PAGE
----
Society and Nationhood
in the Caribbean
Towards Another Life
The two works following Another Life, Sea Grapes (1976) and The Star-Apple Kingdom (1979), are closely informed by the mature vision and aesthetic realized in Another Life. They show two main areas of concern: in Sea Grapes, the poet's private attempt to find anchor in a quality of maturity and serenity consistent with the larger, spiritual truths of Another Life’, and, in The Star-Apple Kingdom, an intensive engagement with the political and public scene of the Caribbean in independence. The latter is the dominant area of concern, accounting for some of the more outstanding poems of these two volumes which, along with Remembrance and Pantomime (1980) in the drama, mark the end of Walcott's career as an artist based exclusively in the Caribbean.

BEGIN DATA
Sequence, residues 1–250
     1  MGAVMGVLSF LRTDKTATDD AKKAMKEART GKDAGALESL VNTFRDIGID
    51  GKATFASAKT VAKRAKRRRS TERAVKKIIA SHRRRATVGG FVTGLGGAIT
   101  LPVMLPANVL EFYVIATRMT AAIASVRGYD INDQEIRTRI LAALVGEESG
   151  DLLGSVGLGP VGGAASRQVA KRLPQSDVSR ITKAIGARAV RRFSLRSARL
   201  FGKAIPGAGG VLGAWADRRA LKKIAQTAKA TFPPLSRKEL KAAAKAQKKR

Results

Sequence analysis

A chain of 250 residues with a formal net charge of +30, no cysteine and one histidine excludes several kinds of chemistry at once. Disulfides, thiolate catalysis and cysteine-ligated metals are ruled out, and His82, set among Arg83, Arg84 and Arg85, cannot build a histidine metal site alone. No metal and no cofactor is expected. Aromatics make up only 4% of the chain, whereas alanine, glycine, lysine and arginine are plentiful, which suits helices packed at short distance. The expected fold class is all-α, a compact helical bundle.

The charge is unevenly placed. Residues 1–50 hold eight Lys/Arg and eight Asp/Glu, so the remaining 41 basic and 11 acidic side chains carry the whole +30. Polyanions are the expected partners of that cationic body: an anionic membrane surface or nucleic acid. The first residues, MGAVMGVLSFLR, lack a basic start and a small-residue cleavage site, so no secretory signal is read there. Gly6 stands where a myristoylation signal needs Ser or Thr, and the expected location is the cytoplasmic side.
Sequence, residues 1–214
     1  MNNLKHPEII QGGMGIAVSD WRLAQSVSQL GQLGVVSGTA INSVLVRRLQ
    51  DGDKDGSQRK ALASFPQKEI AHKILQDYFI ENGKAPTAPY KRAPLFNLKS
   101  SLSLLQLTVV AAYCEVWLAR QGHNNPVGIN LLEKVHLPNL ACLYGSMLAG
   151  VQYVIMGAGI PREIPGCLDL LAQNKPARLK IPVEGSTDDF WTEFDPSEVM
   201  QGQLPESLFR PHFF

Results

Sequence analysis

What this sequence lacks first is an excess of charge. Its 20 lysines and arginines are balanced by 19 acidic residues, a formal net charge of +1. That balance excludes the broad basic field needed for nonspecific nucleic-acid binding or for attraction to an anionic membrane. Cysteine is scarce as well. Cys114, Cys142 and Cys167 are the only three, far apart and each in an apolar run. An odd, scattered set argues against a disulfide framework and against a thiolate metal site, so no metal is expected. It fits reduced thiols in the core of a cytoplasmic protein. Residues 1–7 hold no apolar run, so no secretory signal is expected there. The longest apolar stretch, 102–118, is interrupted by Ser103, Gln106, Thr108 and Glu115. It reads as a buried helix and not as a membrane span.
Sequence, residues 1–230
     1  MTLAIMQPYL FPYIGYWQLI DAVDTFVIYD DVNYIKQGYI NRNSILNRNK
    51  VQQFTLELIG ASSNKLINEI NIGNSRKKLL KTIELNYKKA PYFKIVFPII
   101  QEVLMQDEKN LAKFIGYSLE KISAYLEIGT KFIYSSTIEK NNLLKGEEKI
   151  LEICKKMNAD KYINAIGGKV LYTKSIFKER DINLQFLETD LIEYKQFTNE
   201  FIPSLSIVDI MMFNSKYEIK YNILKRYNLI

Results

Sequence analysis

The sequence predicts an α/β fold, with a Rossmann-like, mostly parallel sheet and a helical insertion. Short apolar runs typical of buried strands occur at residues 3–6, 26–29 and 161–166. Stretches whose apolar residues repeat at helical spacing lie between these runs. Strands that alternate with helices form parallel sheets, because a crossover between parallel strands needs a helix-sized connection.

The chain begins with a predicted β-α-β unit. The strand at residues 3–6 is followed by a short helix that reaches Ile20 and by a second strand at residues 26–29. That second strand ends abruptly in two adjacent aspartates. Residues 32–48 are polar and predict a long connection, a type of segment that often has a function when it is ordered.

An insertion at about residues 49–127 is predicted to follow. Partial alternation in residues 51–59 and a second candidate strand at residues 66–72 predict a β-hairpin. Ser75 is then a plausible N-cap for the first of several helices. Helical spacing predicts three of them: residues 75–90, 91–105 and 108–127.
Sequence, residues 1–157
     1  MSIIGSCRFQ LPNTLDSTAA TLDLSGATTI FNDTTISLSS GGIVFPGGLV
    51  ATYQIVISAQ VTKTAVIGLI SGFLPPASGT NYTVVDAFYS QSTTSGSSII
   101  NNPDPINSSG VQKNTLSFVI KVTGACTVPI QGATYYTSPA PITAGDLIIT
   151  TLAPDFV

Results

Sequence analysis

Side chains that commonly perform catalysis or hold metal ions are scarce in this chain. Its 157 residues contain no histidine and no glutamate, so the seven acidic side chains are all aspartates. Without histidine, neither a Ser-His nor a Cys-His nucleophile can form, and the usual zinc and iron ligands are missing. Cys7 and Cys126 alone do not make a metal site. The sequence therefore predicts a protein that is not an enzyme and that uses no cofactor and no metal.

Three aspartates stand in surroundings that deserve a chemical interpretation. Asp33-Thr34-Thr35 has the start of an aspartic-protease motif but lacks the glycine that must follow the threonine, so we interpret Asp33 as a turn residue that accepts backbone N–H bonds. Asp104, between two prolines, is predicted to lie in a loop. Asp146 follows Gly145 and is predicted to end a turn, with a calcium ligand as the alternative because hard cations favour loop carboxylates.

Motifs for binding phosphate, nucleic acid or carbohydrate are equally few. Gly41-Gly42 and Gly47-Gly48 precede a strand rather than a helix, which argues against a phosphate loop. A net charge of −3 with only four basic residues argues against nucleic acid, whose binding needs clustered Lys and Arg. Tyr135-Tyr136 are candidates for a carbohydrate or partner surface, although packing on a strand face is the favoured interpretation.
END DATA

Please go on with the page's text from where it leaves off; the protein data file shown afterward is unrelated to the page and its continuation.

The present chapter will deal with this more prominent concern with politics and society in the postindependence Caribbean scene, as represented by the two longer poems in The Star-Apple Kingdom, the title poem and “The Schooner Flight”. The earlier volume, Sea Grapes, although it contains a few strident political pieces, is primarily a lyrical, reflective work. It is a work of